The S&P 500 suffered quite a rapid 5 percent drop; history shows buying the dip is no sure bet

Stocks tend to rise after declines as swift as we’ve seen in the last week, but it is far from a sure thing.

The S&P 500 has fallen more than 5 percent just six trading days after reaching an all-time high. CNBC analysis using Kensho found the index trades positive just 60 percent of the time six days after such a quick sell-off.

So a little better than a coin flip.

The Dow Jones industrial average rises just 62 percent of the time, while the Nasdaq composite posts gains 56 percent of the time, according to Kensho. The Dow, S&P 500 and Nasdaq average returns of 0.59 percent, 0.75 percent and 0.84 percent, respectively.

Equities kicked off the new year ripping higher, with the major averages notching fresh all-time highs. But concerns of rising inflation have recently pushed interest rates to multiyear highs, sending jitters down Wall Street.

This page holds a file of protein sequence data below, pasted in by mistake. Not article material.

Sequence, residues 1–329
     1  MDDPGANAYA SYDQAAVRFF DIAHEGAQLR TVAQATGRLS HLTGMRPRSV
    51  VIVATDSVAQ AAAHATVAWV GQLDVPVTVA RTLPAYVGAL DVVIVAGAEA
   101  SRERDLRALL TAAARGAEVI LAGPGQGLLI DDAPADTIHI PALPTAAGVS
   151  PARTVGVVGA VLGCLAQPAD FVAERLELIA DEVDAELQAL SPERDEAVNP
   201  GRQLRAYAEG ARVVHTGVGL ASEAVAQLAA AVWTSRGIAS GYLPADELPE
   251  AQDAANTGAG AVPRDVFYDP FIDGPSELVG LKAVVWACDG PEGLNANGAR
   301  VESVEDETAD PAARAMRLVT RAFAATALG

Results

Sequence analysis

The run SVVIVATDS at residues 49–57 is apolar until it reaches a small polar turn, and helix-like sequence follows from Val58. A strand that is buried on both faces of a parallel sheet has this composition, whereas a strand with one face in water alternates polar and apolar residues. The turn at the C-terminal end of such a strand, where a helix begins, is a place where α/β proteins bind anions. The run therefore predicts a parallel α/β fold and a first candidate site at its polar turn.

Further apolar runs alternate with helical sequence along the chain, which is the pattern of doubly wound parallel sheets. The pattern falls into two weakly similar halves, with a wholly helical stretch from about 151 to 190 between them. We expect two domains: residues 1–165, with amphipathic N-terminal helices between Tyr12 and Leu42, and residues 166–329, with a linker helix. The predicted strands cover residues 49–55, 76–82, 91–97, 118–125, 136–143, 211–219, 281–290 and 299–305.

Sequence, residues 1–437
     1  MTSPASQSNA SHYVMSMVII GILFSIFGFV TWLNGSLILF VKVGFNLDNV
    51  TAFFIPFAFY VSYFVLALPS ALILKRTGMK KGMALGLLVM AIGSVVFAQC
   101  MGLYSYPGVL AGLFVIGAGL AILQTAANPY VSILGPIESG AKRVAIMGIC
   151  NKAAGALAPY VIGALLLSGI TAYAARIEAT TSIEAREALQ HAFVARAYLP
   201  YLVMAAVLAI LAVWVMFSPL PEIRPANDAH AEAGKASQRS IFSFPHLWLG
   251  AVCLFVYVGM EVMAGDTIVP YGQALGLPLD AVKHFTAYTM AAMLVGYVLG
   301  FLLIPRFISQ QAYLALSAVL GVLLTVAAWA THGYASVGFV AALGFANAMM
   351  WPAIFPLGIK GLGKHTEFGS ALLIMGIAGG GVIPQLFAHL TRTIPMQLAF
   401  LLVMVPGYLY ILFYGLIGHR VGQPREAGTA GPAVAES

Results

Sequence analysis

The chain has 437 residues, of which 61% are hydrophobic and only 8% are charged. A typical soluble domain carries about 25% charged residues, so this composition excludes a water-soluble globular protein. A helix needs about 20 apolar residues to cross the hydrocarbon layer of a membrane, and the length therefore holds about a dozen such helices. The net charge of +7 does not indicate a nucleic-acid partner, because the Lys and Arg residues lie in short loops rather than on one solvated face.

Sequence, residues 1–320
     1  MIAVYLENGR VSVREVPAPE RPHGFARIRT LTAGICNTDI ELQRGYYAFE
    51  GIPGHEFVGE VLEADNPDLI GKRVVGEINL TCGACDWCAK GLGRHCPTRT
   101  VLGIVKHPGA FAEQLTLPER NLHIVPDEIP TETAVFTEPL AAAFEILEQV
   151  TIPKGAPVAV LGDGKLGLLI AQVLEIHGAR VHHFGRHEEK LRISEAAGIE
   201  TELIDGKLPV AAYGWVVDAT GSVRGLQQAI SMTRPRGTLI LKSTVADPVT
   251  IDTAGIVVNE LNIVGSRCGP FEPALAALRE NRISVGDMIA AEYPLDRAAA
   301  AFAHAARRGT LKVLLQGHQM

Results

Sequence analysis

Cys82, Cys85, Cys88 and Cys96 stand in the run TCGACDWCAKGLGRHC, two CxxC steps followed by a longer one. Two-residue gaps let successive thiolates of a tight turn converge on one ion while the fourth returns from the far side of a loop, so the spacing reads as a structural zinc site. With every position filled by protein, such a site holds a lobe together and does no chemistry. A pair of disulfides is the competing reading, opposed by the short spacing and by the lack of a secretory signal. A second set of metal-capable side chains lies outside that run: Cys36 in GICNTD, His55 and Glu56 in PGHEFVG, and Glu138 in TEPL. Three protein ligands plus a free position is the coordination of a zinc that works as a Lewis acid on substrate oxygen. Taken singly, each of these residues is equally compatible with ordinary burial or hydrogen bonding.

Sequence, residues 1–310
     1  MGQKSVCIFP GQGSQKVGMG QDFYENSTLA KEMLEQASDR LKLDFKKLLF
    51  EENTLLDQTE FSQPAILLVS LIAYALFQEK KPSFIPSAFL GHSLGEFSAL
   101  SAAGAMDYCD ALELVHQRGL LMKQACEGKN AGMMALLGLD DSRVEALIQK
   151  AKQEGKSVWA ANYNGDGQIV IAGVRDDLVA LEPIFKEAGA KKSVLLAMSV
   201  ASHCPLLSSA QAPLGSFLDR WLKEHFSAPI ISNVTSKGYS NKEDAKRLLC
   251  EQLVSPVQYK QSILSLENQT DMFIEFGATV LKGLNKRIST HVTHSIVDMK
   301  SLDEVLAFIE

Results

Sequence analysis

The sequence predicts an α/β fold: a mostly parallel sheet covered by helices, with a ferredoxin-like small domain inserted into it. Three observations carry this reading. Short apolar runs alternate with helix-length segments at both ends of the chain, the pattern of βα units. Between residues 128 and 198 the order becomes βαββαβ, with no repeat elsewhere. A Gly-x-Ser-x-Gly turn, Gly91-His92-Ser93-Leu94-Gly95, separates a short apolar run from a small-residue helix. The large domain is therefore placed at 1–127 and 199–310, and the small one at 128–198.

Investors worried that higher inflation would lead the Federal Reserve to tighten monetary policy faster than the market expects. Those concerns sent stocks into their current tailspin.

But the market doesn’t yet regain its footing a month after such a fast decline either.

The S&P 500 and Dow both trade positive just 64 percent of the time a month after the S&P 500 sheds 5 percent in a six-day period, the data shows. The Nasdaq, meanwhile, trades positive just 57 percent of the time in that period. In that time period, the indexes average returns of at least 1.5 percent.

After three months, though, the market regains its swing.

The S&P 500 and Dow trade positive 67 percent and 70 percent, respectively, three months after the S&P 500 pulls back 5 percent in a six-day period. The Nasdaq trades positive 66 percent of the time.

The indexes also average returns of at least 4 percent three months after the S&P 500 declines 5 percent in six trading days.

Disclosure: NBCUniversal, parent of CNBC, is a minority investor in Kensho.

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